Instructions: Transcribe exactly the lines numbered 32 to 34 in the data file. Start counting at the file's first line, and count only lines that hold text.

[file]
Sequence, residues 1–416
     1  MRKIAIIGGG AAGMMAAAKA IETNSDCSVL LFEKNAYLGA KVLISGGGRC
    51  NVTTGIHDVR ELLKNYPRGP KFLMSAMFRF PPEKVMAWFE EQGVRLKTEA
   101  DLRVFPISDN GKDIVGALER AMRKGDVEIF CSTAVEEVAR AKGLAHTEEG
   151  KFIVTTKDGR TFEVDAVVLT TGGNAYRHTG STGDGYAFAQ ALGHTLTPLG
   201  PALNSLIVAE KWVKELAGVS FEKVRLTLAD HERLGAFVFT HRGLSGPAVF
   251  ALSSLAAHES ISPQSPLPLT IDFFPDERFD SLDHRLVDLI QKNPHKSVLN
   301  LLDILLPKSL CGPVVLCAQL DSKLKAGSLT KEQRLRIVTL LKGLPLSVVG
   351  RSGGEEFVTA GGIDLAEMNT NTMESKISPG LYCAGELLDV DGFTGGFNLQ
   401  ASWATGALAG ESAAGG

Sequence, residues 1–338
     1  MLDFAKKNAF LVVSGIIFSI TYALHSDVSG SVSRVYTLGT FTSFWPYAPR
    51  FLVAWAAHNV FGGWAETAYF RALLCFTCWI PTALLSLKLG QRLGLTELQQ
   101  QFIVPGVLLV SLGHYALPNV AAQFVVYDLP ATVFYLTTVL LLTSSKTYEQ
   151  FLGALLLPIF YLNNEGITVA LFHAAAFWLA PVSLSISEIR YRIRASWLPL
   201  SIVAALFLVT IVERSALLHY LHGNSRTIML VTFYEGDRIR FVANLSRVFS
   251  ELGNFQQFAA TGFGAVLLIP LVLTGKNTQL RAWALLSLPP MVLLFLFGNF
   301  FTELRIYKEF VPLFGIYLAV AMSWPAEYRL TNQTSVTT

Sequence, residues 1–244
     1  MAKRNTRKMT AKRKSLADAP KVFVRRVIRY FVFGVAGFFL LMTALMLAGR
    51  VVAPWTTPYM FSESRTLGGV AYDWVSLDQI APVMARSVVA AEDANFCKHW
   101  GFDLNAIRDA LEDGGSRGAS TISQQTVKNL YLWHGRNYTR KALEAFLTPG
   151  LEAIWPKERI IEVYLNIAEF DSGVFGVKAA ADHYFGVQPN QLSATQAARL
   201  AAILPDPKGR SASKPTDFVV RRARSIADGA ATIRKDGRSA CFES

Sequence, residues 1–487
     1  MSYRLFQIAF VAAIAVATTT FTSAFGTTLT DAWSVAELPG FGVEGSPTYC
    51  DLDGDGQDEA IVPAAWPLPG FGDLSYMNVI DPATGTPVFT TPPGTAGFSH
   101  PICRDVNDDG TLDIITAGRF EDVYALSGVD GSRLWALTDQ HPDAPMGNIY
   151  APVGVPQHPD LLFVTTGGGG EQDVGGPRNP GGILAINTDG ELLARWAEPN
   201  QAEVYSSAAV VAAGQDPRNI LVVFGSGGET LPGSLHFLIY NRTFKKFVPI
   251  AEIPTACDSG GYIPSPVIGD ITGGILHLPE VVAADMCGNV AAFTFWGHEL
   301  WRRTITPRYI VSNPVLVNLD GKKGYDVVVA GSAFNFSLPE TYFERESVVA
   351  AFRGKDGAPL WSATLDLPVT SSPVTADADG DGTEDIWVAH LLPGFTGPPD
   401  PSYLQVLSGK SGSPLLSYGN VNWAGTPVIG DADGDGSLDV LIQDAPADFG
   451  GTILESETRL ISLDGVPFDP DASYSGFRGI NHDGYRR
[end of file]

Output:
   301  WRRTITPRYI VSNPVLVNLD GKKGYDVVVA GSAFNFSLPE TYFERESVVA
   351  AFRGKDGAPL WSATLDLPVT SSPVTADADG DGTEDIWVAH LLPGFTGPPD
   401  PSYLQVLSGK SGSPLLSYGN VNWAGTPVIG DADGDGSLDV LIQDAPADFG